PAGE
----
Tess of the d'Urbervilles: A Pure Woman is an exploration of the profound effects of naivete and gullibility on women in the 18th century who are shown to be at the mercy of men in all regards, even at the mercy of good men, like Angel, who is proven to be ironically named, not sincerely named: he is nothing like an angel. While Hardy wrote in the 19th century Victorian era, Tess is set in an earlier time as indicated from time to time in the text. Note below how Hardy uses passives and past perfect tense to describe a time before his own when cottages were torn down and cottagers sent from villages:
as the long [term] holdings [ended], [cottages] were ... mostly pulled down, ... [those who] were looked upon with disfavour, and the banishment of some ... who had formed the backbone of the village life in the past, [were forced] to seek refuge... (Chapter LI)
Tess is uniquely positioned to represent both upper class women and the "interesting and better-informed [village] class" of her father and mother. While in daily events Tess is of the craftsman's class, her impulses, unschooled intellect, and integrity are of the upper noble class, the ancient d'Urberville's class. To further Tess's positioning as universal woman, while Tess's father is a direct descendant of the d'Urbervilles, her mother began as a local peasant girl.
Hardy positions Tess this way, representing women of all levels of classes, to show the impact of externalities originated in men's behaviors (her father's drunkenness, Alec Stokes-d'Urberville's immoral manipulation, Angel's inconsistent philosophical application of moral principles) on naive, gullible, impressionable women's lives. As events unfold, Tess's experiences are applicable to all moral and pure women.
In summary, Tess is taken advantage of by Alec and, when she returns home to have her baby (a child whom Alec seems not to know about) without having accepted Alec's offers of marriage because she didn't love him and wanted to maintain her integrity, her mother and father forgive her, the villagers accept her, but she cannot forgive and accept herself. When her infant dies, she forces an exile upon herself to try to escape her own feelings of shame and impurity.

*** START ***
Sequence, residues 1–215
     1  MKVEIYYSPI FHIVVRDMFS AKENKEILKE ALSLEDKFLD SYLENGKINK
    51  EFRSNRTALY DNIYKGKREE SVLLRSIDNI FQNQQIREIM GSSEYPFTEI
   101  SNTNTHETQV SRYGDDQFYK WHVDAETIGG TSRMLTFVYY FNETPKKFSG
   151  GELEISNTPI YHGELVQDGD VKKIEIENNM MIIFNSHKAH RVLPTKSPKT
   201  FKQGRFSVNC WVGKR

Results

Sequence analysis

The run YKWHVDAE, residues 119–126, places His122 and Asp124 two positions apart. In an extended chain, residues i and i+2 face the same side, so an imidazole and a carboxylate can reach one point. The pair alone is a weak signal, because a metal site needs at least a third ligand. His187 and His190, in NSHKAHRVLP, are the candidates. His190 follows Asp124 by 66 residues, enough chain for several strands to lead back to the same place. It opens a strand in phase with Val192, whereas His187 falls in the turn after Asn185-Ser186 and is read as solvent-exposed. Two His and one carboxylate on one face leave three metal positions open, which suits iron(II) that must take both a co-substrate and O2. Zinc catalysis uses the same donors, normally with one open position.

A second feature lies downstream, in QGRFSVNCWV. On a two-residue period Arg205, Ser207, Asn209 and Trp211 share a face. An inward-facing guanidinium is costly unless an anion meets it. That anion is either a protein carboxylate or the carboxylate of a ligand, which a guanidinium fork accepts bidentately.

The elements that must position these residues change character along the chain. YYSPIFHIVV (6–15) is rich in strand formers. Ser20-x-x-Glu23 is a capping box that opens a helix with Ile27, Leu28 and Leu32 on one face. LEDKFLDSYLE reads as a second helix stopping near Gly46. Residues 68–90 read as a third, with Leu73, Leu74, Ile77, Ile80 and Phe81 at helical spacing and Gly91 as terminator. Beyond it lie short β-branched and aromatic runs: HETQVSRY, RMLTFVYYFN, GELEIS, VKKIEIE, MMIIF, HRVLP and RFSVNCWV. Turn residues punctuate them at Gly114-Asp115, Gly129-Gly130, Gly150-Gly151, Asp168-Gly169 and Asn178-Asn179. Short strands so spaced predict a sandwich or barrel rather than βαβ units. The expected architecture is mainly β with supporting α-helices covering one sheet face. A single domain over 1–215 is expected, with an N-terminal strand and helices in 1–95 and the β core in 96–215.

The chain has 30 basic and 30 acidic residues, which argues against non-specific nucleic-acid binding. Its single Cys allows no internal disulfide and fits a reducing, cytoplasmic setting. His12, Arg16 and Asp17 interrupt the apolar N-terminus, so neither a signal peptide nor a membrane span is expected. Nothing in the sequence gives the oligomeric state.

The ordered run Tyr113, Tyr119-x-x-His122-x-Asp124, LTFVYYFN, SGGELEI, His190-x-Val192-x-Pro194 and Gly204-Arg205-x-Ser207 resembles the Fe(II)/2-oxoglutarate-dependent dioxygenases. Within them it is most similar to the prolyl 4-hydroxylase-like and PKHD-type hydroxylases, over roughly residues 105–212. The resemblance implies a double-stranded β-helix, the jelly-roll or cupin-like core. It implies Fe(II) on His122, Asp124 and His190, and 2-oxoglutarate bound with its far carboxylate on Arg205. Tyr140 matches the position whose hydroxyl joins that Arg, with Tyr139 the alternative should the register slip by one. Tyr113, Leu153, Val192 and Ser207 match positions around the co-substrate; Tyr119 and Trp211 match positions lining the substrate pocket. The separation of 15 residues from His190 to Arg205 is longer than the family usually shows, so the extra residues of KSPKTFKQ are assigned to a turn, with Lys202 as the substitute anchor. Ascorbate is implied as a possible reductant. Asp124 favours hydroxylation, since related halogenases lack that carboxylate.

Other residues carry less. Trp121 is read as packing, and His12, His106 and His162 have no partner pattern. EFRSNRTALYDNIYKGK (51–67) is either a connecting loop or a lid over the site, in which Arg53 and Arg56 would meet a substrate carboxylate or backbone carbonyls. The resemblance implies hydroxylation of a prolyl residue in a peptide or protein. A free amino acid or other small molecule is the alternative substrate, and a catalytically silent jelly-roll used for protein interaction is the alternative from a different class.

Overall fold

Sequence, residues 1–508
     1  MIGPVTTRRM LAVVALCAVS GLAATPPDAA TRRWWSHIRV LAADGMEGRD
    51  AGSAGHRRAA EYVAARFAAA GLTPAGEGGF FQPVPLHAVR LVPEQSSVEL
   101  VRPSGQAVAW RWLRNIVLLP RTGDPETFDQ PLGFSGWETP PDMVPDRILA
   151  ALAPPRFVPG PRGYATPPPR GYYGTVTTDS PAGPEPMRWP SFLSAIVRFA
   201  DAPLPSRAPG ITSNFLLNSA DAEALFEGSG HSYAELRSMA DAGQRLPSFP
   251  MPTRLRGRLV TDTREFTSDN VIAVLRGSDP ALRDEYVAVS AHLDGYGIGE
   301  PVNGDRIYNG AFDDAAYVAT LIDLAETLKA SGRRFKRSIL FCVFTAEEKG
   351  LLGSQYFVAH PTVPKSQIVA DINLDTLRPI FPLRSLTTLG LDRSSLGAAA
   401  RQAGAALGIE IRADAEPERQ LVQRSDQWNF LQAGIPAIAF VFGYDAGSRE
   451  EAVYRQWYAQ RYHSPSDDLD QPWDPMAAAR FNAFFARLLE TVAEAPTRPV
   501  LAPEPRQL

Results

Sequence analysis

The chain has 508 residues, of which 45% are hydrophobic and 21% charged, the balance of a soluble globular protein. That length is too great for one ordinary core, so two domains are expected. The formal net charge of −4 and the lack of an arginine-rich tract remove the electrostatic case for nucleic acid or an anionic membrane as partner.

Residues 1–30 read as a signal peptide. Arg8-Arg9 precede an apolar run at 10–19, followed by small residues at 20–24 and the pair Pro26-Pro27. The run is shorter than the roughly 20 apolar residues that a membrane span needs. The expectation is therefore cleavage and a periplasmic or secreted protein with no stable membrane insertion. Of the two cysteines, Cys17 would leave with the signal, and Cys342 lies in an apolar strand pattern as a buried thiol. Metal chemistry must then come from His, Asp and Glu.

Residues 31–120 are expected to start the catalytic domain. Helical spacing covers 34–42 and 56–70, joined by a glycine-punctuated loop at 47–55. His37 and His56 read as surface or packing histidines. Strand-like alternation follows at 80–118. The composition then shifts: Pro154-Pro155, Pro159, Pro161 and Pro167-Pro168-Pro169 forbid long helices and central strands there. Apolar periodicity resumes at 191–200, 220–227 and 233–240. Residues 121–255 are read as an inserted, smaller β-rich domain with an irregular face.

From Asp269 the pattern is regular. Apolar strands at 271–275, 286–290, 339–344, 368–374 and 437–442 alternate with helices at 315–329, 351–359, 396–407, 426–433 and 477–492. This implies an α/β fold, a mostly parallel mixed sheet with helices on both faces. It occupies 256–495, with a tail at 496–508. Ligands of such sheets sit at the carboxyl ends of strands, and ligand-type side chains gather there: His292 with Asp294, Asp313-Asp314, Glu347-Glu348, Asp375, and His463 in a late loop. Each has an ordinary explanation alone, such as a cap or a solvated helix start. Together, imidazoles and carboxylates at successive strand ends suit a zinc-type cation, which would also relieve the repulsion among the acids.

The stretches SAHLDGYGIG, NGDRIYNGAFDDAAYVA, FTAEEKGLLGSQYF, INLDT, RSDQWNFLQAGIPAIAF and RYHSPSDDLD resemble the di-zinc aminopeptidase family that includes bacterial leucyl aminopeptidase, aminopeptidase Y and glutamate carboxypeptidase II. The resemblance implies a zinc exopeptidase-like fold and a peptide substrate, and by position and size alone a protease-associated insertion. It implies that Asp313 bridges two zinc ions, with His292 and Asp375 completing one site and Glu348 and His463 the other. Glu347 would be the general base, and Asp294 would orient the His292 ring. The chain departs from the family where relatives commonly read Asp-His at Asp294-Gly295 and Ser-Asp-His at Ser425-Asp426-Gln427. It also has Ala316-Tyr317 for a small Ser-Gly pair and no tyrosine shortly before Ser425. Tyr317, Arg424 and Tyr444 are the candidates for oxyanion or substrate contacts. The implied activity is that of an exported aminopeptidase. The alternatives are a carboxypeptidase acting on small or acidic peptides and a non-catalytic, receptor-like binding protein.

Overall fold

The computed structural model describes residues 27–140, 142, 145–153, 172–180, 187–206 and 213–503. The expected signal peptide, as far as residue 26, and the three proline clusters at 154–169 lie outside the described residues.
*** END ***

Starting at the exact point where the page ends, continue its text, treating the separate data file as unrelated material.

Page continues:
When at Talbothay's dairy farm, a place and work Tess loved, she gained a sense of dignity that did a lot to overcome the loss of her dream of teaching, which was removed from her by her father's drunkenness and Alec's tyranny. When Angel, no kind angel he, importuned her against her will, though she repeatedly said no, to be his wife, Tess learns the harmful effects that befall a woman from a good man's wrong behaviors as surely as from a bad man's wrong behaviors.
When Tess ignores her mother's plea that she keep her past to herself, Angel rejects her on their unconsummated wedding night even though, as Tess says, their secret sins were "just the same." When Angel leaves her to go temporarily to Brazil, she deepens her self-imposed exile and punishment by declining contact with Vicar and Mrs. Clare and taking a job as a farm hand in a cold, barren chalk-land farm. Even there Alec finds her and manipulates her, taking advantage of her father's death to hound her into despair and reunite with her. When Angel, ill and beaten down, returns, she retaliates against Alec's cruel taunts with murder. Then she and Angel flee until the executioner raises his black flag announcing her hanging, giving the ultimate picture of man's domination over naive but pure woman.
A few minutes after the hour had struck something moved slowly up the staff, and extended itself upon the breeze. It was a black flag. "Justice" ... had ended his sport with Tess.